The solution to this problem in this directory was produced with KSEG and texWins. Consult the advice on how-to do Constructions with KSEG, and on using texWins.

In case you wonder which method to learn, the answer is both. Once you have downloaded KSEG you can make figures. With texPad you can see what LaTeX syntax looks like when typeset. But with texWins you can produce an actual LaTeX file.

After you have figured out the solution to this problem and entered it in your journal, together with a figure for it proceed thus.

Create a figure using KSEG. If you have trouble doing so, click on the image to download xerxesW1quad.seg which you can open in KSEG. With it you can make a different figure to illustrate your solution.

Note that I choose a quadrilateral that looks different from the one illustrating the texPad solution. But it was made with the same KSEG script, renamed to xerxesW1quad.seg. You should construct your own KSEG script from scratch, if possible. Otherwise you can use this one, but change the parallelogram, to make the figure for your homework.

You need to upload your W1quad.png in texWins first. The next screen capture shows what texWins looks like when you enter your solution in the left window, and press Preview. In the right window will be an image of what the LaTeX typeset document looks like.

Note that the figure you want to insert is now done by LaTeX automatically. Keep a copy of the syntax for doing this to use when you prepare future texWin documents.

You can edit in the left window and see a preview in the right one any number of times. But since texWins is inherently slow, this isn’t a good idea. You can save your work if you’re interrupted. texWins will remember all of your .seg and .png files, but texWins keeps only the current content of the left window in its workspace.

texWins is currently unable to save your LaTeX file itself, and it not able to submit your work to Classcomm. In a future lesson I will tell you why this is so. For now it’s a fact of life.

Therefore you need to download the .pdf file, which will appear on your computer with a bland name, like texdoc.pdf. You should rename this to give it a more appropriate name, for instance xerxesW1Tondeur1-7.pdf. Since your name is not "xerxes" however, you should use your netid instead of "xerxes".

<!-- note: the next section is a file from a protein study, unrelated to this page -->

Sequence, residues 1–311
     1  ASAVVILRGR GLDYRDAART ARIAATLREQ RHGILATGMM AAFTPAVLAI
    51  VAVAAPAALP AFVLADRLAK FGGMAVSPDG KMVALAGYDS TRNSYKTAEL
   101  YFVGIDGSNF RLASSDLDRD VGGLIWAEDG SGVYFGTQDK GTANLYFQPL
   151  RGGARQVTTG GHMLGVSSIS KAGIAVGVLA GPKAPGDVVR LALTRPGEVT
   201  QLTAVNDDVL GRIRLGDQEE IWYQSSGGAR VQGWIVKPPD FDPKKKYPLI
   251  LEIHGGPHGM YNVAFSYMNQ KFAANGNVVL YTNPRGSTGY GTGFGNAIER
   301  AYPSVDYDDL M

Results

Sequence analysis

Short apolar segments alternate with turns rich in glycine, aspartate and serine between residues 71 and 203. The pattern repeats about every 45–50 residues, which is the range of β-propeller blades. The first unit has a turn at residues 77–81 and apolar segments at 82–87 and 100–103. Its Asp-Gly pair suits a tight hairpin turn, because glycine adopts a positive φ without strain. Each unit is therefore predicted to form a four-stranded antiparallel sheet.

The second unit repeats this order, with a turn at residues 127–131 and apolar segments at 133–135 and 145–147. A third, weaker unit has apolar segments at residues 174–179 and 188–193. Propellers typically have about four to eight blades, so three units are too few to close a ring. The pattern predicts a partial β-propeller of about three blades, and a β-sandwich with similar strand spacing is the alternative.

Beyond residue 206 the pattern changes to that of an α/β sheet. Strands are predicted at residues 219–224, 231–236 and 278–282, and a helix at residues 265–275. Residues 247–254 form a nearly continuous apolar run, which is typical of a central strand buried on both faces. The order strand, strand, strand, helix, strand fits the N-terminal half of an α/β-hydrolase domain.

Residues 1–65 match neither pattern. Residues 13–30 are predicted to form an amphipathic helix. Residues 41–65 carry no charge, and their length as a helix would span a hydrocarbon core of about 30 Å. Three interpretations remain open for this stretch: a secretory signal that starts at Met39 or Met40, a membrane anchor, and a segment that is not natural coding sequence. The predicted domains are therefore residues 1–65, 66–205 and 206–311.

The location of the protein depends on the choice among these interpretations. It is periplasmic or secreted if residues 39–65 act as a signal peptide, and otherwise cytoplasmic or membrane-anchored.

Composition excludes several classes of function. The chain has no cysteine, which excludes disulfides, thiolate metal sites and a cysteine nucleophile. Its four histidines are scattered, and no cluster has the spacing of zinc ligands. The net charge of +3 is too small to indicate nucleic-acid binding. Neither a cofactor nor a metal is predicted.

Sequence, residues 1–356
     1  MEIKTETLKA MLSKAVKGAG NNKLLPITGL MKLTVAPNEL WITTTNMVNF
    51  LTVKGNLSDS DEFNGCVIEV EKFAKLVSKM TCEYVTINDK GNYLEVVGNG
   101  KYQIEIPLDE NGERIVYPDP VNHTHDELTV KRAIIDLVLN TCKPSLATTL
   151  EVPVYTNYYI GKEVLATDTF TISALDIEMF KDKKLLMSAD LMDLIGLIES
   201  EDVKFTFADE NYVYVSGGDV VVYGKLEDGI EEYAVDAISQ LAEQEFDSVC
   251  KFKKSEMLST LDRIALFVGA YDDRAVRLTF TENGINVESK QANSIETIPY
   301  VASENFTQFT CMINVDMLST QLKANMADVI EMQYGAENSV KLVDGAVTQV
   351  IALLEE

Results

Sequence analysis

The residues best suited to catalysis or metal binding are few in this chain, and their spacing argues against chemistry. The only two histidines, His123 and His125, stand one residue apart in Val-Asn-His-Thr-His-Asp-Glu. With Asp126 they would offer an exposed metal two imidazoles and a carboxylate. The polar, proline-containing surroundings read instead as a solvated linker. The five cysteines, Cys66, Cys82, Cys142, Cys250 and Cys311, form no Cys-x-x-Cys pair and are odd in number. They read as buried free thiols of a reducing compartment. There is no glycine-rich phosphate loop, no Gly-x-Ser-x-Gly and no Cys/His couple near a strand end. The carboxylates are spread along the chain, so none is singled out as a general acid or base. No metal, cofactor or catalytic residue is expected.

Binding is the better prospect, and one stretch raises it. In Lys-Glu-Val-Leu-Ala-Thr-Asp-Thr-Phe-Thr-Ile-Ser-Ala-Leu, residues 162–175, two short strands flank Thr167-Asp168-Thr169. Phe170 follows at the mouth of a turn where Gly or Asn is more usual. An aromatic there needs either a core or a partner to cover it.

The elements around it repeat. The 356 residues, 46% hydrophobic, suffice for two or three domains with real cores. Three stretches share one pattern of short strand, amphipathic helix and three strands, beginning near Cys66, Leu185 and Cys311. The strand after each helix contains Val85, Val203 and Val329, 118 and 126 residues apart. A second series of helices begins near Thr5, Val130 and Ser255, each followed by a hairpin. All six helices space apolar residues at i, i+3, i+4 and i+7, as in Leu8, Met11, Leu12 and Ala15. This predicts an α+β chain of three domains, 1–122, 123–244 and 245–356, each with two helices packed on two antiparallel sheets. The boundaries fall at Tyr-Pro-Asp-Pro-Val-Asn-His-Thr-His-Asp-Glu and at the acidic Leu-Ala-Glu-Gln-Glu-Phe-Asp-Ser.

You can also download the LaTeX fragment in your workspace, and also the entire LaTeX file, which has a preamble at the top. Below is an explanation of why there are two such files. This explanation is more advanced than is needed to actually use texWins. But its useful for curious people.

You should submit xerxesW1Tondeur1-7.pdf to Classcomm for credit. Be sure you also submit the KSEG file, xerxesW1quad.seg for full credit.

A first lesson on LaTeX

LaTeX is Leslie Lamport’s improvement of Donald Knuth’s TeX. Knuth invented TeX to write his celebrated volumes on the art of computing. Although he could have made millions from selling it, he gave TeX to the mathematical community. This has revolutionized the preparation of mathematical documents, from learned papers, books, monographs, and reports, to termpapers and homework. You cannot imagine how difficult the task of publishing mathematics used to be before TeX. Now, many disciplines, including Computer Science, accept manuscripts for publication only if they are prepared in TeX.

Because we use only a very small part of the TeX language in this course, it was possible to simplify the process of using TeX with the help of texWins. If, however, you are computer savvy and plan to enter an mathematical, scientific or engineering profession, you should look into installing a TeX package on your personal computer, and learn how to use it.

The way texWins works is as follows. After you write your LaTeX code into the workspace on the left, and press the Preview button, the .tex fragment you wrote is uploaded to our server, where it is given additional code, called the preamble and sent to a LaTeX typesetting compiler. The output is a file in Adobe’s .pdf format. We make a picture of it and send just the picture back as a preview. But you can download the .pdf file as well. You will want to keep all of the LaTeX fragments you created in the Workspace safely on your own computer. Why? Because you can check them for correct syntax, and even copy and edit old fragments into new ones for subsequent texWins sessions.

The reason you can also download the entire .tex code, including the header, is in case you want to learn to write LaTeX on your own TeX installation.

Table of contents of files in this folder

dpgraph.png = an image made with DPgraph
ex1picture.tex = copied in and trimmed of preamble
mywspace.tex  = downloaded~ex1picture.tex typesets with Texshop
mywspaceW1.tex = composed solution to Tondeur 1.7a
optiverse-tiny.jpg = image uploaded for ex1picture
preview.pdf = dowloaded .pdf of ex1picture.tex
texWinsScreenView.png = screen capture of texWins in action
texdoc.pdf = oneliner testing texWins
texdocW1.pdf = typeset solution to Tondeur 1.7a
xerxesW1quad-fig.png = .png image made from .seg file
xerxesW1quad-text.png = screen capture of texPad in action
xerxesW1quad.seg = KSEG file for constructing the figure